Naturally, interrupted threads mean threads don't exist; necessarily you need a much longer breechplug to maintain the same amount of thread engagement, which the T/C "Speed Breech" has. A more expensive, longer breech plug array necessarily steals away usable barrel length. While I applaud the T/C innovation, there was never anything wrong or difficult about the previous Encore breech plug. The net result appears to be a small amount of convenience, added expense, and some performance loss.

The attractive part of the new breechplug is not the interrupted threads, but the ability to keep the new pivoting 209 primer extractor in situ while removing the breechplug. That is only real time-saver. T/C breechplug removal has always taken just a few moments with a common socket set. It is a push, as far as I'm concerned, adding expense, weight, and stealing away useable barrel length all for the dubious benefit of "quick releasing" a breechplug that was always easy to service in the first place. Is it innovative? Yes. Is there any tangible benefit? There is none, as far as I can see.

The Pro-Hunter's trigger broke at an initial 5-3/4 pounds, then eventually lightened a tad to about 5 pounds after a few range sessions. It is a bit heavier than I would like, but there is no take-up, sand, or grit. The crispness of the trigger offsets its relatively heavy pull. While on the subject of weight, the Pro Hunter weighs about 8-1/4 pounds on my Lyman gauge. It pushes 10 pounds with steel bases, steel rings, and scope.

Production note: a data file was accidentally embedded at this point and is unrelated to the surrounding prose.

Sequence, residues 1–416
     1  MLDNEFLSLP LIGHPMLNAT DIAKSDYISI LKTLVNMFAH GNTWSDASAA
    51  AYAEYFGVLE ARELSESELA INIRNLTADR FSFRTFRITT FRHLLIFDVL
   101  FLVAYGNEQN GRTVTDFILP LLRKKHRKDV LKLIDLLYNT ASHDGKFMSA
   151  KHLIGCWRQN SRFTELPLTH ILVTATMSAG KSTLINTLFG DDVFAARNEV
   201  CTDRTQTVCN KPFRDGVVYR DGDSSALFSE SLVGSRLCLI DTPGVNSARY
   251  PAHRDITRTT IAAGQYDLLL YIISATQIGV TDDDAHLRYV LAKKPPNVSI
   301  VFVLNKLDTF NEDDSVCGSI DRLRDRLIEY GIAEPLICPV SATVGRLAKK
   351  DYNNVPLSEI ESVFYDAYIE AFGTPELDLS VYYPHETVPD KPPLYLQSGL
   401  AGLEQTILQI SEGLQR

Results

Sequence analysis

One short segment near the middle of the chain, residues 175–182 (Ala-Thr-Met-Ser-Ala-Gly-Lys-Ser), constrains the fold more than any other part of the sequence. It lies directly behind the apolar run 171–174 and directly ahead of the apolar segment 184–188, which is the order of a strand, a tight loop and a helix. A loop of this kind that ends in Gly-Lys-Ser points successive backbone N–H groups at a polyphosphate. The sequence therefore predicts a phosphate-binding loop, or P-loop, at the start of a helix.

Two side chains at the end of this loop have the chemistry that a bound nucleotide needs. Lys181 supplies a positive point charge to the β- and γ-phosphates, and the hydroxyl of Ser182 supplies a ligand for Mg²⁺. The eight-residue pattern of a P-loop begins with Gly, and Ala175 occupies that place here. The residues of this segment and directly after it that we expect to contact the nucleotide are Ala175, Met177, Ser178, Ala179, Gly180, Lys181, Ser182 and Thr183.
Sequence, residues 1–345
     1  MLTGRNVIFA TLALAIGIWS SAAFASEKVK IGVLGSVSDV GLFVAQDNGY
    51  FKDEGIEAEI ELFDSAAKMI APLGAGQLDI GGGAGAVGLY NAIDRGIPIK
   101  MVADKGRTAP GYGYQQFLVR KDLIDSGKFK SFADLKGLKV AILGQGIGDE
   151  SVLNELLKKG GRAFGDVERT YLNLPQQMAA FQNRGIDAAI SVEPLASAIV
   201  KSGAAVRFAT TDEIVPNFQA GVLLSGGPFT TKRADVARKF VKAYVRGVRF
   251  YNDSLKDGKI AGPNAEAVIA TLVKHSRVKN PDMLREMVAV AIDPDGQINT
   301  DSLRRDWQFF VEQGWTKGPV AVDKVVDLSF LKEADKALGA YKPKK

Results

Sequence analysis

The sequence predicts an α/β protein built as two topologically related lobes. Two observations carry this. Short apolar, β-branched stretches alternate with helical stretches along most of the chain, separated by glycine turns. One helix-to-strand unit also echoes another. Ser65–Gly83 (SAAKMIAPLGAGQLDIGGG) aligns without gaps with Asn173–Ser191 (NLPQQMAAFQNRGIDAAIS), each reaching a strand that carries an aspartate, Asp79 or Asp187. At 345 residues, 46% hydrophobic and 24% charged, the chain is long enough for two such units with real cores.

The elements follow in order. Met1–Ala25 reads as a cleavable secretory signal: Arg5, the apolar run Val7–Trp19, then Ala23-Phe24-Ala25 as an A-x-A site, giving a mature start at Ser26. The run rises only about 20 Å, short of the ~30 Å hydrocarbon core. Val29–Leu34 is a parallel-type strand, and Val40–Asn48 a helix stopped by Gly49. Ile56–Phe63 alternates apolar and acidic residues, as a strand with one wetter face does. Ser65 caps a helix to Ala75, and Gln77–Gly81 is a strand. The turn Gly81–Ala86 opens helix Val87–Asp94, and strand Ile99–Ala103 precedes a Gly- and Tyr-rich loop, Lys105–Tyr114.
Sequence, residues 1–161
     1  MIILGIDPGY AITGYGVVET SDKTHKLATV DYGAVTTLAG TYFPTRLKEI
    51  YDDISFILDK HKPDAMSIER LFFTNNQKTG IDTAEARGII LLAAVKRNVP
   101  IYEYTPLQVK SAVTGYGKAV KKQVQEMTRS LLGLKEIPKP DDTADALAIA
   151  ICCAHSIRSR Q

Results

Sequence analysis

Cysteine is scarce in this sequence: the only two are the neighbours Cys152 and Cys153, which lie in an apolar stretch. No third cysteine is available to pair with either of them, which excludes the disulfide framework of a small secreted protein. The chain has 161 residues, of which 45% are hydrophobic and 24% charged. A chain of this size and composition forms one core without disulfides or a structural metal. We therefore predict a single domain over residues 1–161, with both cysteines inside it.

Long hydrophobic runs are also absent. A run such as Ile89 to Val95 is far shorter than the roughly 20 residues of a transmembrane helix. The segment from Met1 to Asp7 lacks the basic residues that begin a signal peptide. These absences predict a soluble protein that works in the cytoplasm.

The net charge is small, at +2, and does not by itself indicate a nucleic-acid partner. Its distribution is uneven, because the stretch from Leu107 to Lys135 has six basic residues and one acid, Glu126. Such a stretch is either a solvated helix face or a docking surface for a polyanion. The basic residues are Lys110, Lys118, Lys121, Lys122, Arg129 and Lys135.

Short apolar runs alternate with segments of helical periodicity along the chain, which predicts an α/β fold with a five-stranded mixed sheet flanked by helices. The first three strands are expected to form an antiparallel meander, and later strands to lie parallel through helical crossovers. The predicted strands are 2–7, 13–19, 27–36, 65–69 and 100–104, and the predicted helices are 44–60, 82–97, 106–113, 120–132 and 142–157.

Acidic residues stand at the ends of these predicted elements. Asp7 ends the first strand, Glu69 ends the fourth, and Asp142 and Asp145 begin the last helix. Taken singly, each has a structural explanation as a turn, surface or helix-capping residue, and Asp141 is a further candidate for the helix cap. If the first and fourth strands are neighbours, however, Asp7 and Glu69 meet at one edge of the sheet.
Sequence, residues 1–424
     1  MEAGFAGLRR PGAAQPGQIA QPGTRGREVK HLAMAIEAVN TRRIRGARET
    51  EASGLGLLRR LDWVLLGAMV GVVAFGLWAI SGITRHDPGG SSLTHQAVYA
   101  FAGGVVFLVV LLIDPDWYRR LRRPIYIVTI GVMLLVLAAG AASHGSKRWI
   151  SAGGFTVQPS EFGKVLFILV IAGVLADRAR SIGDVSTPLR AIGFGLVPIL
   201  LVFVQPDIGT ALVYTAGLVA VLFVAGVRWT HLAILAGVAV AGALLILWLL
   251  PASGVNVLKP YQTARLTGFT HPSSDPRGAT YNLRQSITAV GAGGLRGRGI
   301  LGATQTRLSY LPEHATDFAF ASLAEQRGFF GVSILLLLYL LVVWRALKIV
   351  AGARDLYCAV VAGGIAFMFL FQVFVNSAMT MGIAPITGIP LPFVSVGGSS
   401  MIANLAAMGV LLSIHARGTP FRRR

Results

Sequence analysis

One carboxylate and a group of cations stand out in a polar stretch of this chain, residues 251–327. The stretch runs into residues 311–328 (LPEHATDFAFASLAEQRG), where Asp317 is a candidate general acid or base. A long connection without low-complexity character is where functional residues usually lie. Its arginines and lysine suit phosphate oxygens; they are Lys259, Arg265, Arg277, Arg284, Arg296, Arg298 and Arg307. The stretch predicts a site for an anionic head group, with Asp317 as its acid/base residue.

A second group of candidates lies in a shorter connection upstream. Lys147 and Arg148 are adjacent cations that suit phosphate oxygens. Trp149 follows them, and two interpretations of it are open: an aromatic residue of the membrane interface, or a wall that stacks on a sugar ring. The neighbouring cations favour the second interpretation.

I sum up my feelings about the new additions as best I can. Thumbs down to the "Speed Breech," which fixes what is not broken and robs usable barrel length.

A sideways apathetic thumb to the three position hammer. I prefer it in the same place as always.

A thumbs up goes to the addition of the Power Rod, even though it lacks the built-in witness marks of the original XS Sights product and also lacks a good brass bullet seating tip. Thumbs up to the tasteful engraving accents, and from a cosmetic point of view thumbs up to the fluting as well. A huge thumbs up (with a couple of wiggling golden sabots) to the new synthetic stock.

The new "Flex-Tech" stock looks trendy, perhaps distinguished in a techno-art way, but more importantly, it works. This stock is supremely comfortable to shoot. Typically I'm not a pellet guy, much less a three pellet guy, but I purposely loaded the Pro Hunter up with three "50 grain equivalent" Triple Se7en pellets and 300 grain sabots to see if it would bark.

Well, it is not the sweet caress of a loving woman, to be sure, but it is manageable and a vast improvement. With a pair of Triple Se7en pellets and a Barnes 250 TMZ, it was a delight to shoot. Shoot it does, giving me 1 MOA groups @ 100 yards right out of the box.

What would improve this muzzleloader, in my opinion, is to lose a pound. Loose the QLA, profile the barrel with no iron sights, and go back to the shorter breechplug. That not only would shed the weight, it would give us more barrel that can actually be used. For stand hunting, it is fine; for walking across the tundra or bushveldt, less weight would be a blessing.

So there you have it: the Mercedes of the break action muzzleloaders and the most copied muzzleloader of the day remains King of the Hill, by a larger margin than ever. The only other break action I've found to be remotely comparable is T/C's own Contender G2.

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Copyright 2006 by Randy Wakeman. All rights reserved.